Sunday, January 28, 2007

Mission Peak, Accidentally (Sat Jan 27)

I have been wanting to climb Monument Pk again (I've done it a few times years ago).  But everytime it had been a pretty unpleasant experience starting out at Ed Levin County Park.  That trail sucks, it was always a hot day, etc.

I had also wanted to hike the stretch of trail (more like roads, actually) between Mission and Monument Peaks.  While thinking about doing an afternoon hike this weekend, I got the idea to head up Mission Peak, bear right, and take the trail along the ridge to Monument Peak.

Off we (me and Raleigh) Sat afternoon.  It had rained but looked to be clearing up.  I wore my rain hat and took a windshirt.  If the weather got nasty, I figured I'd just turn around.

We left the Stanford Ave. parking lot around 2:45 and immediate turned right onto the Peak Meadow trail (unsigned, I think).  This trail crosses the creek and then heads uphill in a steep and steady climb.  At 1100' you reach a creek crossing.  Here I usually take the use trail straight up the hill.  This is really steep, climbing 400+ feet in 1/4 mile.  That took me 14 minutes (I timed it).  I only stopped to catch my breath once (I also paused a couple of times to let a group of hikers coming down pass us).

One then follows the ridge (much less steeply now) to where you meet the Horse Heaven Trail.  I don't think the map is very accurate about the placement of this trail.  It seems to be routed much further to the east than shown; you kind of contour to the right and follow along a steep drainage which seems to be on the edge of the open space boundary below Mt. Allison.

Anyway, eventually you come to a horse trough here; there's a spring on this hillside and you can see a large section of the hillside slipping down below the watering hole.  The trail kind of trends left (west) here and we went right, and up, following the creekbed (which at this point was just a dry gully).  After a 1/4 mile or so, we came to the top of the ridge to the right of this gully and picked up a nice wide use trail which had the look of an abandoned road bed.  Up we went on that for a while until it petered out, at which point we struck off straight up the hill, pretty much.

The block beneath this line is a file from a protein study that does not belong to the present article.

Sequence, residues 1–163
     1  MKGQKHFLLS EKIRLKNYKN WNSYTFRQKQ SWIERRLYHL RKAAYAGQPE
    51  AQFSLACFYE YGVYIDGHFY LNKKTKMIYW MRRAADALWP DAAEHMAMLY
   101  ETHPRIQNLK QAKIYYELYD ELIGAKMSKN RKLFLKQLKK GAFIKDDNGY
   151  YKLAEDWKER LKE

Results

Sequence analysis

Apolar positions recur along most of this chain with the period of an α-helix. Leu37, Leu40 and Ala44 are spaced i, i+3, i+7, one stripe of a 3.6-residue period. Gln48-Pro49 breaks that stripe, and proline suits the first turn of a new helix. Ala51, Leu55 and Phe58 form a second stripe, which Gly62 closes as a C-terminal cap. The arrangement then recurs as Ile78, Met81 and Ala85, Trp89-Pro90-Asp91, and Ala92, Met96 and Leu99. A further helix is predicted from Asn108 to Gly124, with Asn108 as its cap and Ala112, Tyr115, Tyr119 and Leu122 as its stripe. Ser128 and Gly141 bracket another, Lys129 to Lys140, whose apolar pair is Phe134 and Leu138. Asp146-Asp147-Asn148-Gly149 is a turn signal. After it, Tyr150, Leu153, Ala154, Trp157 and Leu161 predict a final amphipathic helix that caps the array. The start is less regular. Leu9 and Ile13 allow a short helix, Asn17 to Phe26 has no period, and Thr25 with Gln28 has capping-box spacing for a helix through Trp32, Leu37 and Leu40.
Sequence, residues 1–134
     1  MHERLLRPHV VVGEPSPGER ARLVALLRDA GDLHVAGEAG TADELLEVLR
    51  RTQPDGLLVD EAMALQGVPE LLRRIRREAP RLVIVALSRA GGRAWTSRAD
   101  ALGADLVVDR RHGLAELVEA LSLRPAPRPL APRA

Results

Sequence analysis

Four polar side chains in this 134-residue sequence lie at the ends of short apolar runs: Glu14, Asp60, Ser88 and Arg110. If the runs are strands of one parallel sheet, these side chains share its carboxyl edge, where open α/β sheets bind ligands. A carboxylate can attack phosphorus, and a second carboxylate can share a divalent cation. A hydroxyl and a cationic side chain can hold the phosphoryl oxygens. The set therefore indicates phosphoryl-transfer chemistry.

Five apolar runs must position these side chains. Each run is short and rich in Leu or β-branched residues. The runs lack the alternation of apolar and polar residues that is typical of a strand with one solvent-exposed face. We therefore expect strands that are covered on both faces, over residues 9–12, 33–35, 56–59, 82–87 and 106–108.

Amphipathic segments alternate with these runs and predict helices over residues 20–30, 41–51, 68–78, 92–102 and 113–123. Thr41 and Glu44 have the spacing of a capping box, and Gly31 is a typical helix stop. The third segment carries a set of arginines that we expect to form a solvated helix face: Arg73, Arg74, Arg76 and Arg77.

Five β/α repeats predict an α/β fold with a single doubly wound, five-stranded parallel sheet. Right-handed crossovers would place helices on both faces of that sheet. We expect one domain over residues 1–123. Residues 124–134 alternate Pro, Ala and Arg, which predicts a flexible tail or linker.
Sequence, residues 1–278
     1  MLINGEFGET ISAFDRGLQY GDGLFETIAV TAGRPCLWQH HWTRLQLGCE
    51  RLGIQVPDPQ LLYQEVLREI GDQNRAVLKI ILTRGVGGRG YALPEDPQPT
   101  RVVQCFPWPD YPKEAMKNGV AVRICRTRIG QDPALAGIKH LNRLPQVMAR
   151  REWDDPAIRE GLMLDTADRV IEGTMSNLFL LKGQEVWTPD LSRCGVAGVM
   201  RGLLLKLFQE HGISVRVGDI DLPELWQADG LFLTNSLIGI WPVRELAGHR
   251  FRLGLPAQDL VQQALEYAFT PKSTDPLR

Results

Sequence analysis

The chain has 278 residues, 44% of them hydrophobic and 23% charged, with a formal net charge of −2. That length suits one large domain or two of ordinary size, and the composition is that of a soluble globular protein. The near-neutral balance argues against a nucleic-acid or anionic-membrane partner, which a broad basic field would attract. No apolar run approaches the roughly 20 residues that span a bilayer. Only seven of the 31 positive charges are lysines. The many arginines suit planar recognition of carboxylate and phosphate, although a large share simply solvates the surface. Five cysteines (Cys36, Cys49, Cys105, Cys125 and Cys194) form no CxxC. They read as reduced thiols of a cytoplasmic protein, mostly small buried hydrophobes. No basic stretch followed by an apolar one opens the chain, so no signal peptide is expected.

At this point we were south of the midpoint between Mt. Allison and Mission Peak.  This is on the park boundary and there's a fence.  The last time I was there (2 years ago) the fence was pretty dilapidated and you could step over/through it anywhere.  But now there were 5 strands of new barbed wire securely strung along it.  I could see a gate towards the east so we followed the fence line, stepped through the open gate, and across a faint roadway (double-track).

The last detail (the road) escaped my notice, which would help account for the confusion about our location that ensued.  At any rate, I knew I had to contour around the other side of Mt. Allison so we headed cross country (level) towards the northeast.  Eventually, we crossed a double-track but obvious roadway.  Thinking this was the road between Monument and Mission Peaks, we went right on the roadway (which was a relief because the cross country was somewhat awkward due to cows leaving the hillside very uneven with their footprints in the soft turf).

Oh.  I forgot to mention that as soon as we topped out at the top of the ridge, the wind (from the northeast) kicked up and we were completely enveloped in fog and clouds and mist.  I put my jacket on.  Visibility was maybe 100ft.